Cindy has big exciting news on her blog! Go check it out!
Evita has left the building, as has Billie Joe before her, and I am bereft. And that was *before* I went over and saw Miss T's entry into this week's Iron Chefettes competition.
I considered just conceding. Save myself the time of blogging my defeat.
But then I realized--she might have a spectacular secret weapon, but I do too.
Perhaps Evita isn't gone after all.
Bwaa haa haa.
As Miss T. notes, we decided to do an abbreviated version of IC this week, what with end of summer and State Fair and our being generally very busy because we are Such Important People, so only four dishes. I pretty much went with the KISS principle (Keep It Simple, Stupid), again noting that when fresh produce is this divine, it's heresy to muck with it too much.
How about a nice cucumber sandwich? The spread is sour cream, garlic powder, white pepper, and fresh dill, spread on thin-sliced tea bread. Of course a little extra fresh dill is never a bad thing. Yummy and refreshing.
Steak fajitas, with fresh onions, sweet peppers, and just a little bit of hot pepper. We are big fajita eaters at Chez Knit Think. The beef, I might note (she says with just a touch of condescension in her voice), was also purchased at the Mill City Market, from a local kind farmer who is nice to his cows.
We also got some lovely new potatoes. I contemplated some rather complicated potato dishes, but in the end went back to my basics Bible:
The Fannie Farmer Cookbook. This is a great beginning, all-around, not too fussy or fancy, cookbook. I found just what I wanted: Parsley Potatoes.
Essentially, you cook your potatoes (cookbook says boil, I steamed), then toss with butter, fresh parsley, and coarse salt. Copious amounts of butter. Take what you think would be plenty of butter and double it. Then you're somewhat close to having enough. Needless to say, it's a darn fine dish.
Finally, the recipe that took the most "work."
Only because of the chopping and slicing. Potato-dill bread spread with hummus (from Holy Land Deli) and layered with crumbled feta, fresh red onion, cucumbers, cherry tomatoes, and kalamata olives. This is a lunch fit for kings.
So, yeah. Although it was all good--all very good--it's not as impressive as what Miss T. concocted this week.
But, as I said, I do have a secret weapon. It's not really a fair weapon; I'm playing loose with the rules here--more Sopranos-style than Iron Chef-style. But desperate times require desperate measures.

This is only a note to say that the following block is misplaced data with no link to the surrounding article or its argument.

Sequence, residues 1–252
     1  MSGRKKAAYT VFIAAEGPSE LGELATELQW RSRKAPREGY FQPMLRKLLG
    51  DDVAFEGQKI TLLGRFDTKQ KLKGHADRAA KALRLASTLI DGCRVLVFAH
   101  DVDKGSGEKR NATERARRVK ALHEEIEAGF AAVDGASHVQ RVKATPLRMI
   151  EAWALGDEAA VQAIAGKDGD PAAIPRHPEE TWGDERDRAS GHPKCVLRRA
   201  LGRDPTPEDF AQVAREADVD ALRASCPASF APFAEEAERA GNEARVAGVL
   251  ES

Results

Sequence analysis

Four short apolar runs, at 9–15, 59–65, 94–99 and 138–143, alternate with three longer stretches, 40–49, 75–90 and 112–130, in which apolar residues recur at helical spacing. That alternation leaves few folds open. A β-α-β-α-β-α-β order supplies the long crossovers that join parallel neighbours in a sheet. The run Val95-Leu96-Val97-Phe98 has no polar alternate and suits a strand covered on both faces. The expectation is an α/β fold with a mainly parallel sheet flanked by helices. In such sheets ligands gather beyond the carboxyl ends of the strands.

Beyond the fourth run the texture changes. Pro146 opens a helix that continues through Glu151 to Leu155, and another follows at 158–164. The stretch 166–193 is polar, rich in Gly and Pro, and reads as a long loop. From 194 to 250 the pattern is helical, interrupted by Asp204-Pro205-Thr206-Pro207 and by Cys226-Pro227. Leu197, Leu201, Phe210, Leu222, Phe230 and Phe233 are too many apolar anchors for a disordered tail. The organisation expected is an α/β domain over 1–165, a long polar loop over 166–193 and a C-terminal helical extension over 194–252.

Go. Enjoy. You'll be lightheaded with delight.
Don’t cry for me, Knit Think readers The truth is, I have not lost it… Boy, y'all are really bad at guessing who the guest chairman would be. Most of you obsessed over dead foodies. But c'mon--the real Iron Chef chairman? Is an actor.
Don’t cry for me, Knit Think readers
The truth is, I have not lost it…
Boy, y'all are really bad at guessing who the guest chairman would be. Most of you obsessed over dead foodies. But c'mon--the real Iron Chef chairman? Is an actor.
As is the special guest chairman this week. In fact, long before Reagan, Schwarzenegger, Franken, and Fred Grandy, she made the leap from entertainment to politics.
Why? you might ask. Be patient. All shall be revealed, with just a touch of tyranny.
First, let's talk about the week's CSA box (and by the way, if you'd like to know more about the fine young folks--and I do mean young--that fill our boxes with such exceptional goodies, read about them here). We got salad mix, hot banana pepper, sweet corn, collard greens, fresh onions, garlic, cucumbers, summer squash, cherry tomatoes, purple and green beans, and fresh basil. In addition, Miss T. and I purchased nice big red tomatoes.
That's a pretty rich haul, yes? And varied. This was a box designed not to lead to boredom.
When the goods are at their peak, simplicity is in order. A simple caprese sandwich with sliced tomato, basil, fresh mozzarella, olive oil, salt and pepper, and capers. Nummy.
Bacon, smoked turkey, tomato and lettuce sandwich (also? avocado) with boiled sweet corn. Simple and perfect.
This is a recipe from Lynne Rossetto Kasper's The Italian Country Table. It's so easy--you dice tomatoes (regular and cherry), toss them with chopped fresh basil, olive oil, salt and pepper, in a bowl you've rubbed with a split clove of garlic. Let it all site for a while, then add hot pasta, which "cooks" the tomatoes. With the wonderful tomatoes we get this time of year, this is one of my favorite summer dishes.